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Obama’s Regulatory Burden
The president has misread his mandate on the economy.


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We passed legislation to stop the administration from imposing costly regulation of greenhouse-gas emissions. We advanced bills to require the administration to reissue rules aimed at industrial boilers, cement manufacturers, and power plants because their initial proposals were too expensive and unrealistic. And we approved legislation creating a new state-based regulatory framework for coal ash that avoids Washington’s one-size-fits-all rule.

Our legislation is about protecting jobs, and it’s also about creating new ones as we gain access to more secure energy supplies. We voted to streamline EPA’s role in the permitting process for energy exploration in Alaska, which has been stymied by endless appeals and delays from environmental groups. If we can cut through the red tape, development of Alaska’s arctic waters alone could produce up to 1 million barrels of domestic oil production per day and create more than 50,000 American jobs.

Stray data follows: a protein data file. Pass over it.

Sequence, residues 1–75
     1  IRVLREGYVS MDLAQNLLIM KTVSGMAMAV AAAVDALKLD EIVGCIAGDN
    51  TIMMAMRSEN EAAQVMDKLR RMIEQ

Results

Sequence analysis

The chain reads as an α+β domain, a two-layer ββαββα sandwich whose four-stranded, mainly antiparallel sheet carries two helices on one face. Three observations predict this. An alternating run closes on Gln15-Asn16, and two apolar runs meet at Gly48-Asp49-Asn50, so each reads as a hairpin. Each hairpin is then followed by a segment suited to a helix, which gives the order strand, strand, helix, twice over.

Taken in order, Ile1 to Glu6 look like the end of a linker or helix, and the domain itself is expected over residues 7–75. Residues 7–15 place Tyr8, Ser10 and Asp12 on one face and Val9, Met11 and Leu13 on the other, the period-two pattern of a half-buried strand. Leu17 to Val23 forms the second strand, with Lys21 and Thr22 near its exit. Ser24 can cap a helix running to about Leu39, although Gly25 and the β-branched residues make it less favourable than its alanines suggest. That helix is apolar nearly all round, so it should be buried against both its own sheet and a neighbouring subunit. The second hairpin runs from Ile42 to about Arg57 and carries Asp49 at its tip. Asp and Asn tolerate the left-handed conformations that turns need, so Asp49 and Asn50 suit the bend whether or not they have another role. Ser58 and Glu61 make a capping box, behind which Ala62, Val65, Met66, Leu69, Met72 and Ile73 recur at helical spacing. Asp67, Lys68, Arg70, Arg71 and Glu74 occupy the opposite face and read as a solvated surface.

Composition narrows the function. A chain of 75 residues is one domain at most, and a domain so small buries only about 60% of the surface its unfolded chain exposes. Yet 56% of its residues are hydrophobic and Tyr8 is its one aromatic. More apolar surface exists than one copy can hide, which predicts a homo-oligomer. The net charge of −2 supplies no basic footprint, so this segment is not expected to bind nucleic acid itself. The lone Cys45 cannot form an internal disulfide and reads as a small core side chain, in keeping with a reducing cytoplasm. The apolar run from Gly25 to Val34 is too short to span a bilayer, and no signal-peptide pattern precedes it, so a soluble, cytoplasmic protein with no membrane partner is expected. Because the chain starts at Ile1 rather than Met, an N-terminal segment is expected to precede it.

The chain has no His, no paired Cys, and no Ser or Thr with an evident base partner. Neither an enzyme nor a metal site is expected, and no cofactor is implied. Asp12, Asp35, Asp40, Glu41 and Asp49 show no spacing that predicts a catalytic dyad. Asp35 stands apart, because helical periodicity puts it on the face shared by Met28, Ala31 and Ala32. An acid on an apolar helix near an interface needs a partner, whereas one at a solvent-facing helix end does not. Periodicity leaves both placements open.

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Similarly, we passed legislation — not once but twice — calling on the Obama administration to end the uncertainty surrounding the Keystone XL pipeline expansion, another project that would create tens of thousands of jobs and carry more than 1 million barrels of oil per day from our neighbors in Canada.

Some Democrats in Washington and their allies in the environmental lobby have made outlandish charges, saying our efforts were extreme or would harm the environment. This is yet another misreading. In reality, all of these measures have attracted bipartisan congressional support because they call for a balanced approach to environmental regulation — an inconvenient truth for the environmental lobbyists standing against our bipartisan coalition.

Overly aggressive and costly regulations will always slow economic growth and stall job creation. But what’s clear today is that the current economic downturn and weakness is deeper and more prolonged than the Obama economic team predicted — another miscalculation that may have played into the decision to unleash these rules when our economy could afford them least. Yet even when the dire economic situation became clear, the regulatory juggernaut did not cease.

This monument of misreadings stands today. It’s why our bipartisan efforts to find common ground and protect jobs will continue.

— Rep. Fred Upton is chairman of the House Committee on Energy and Commerce.



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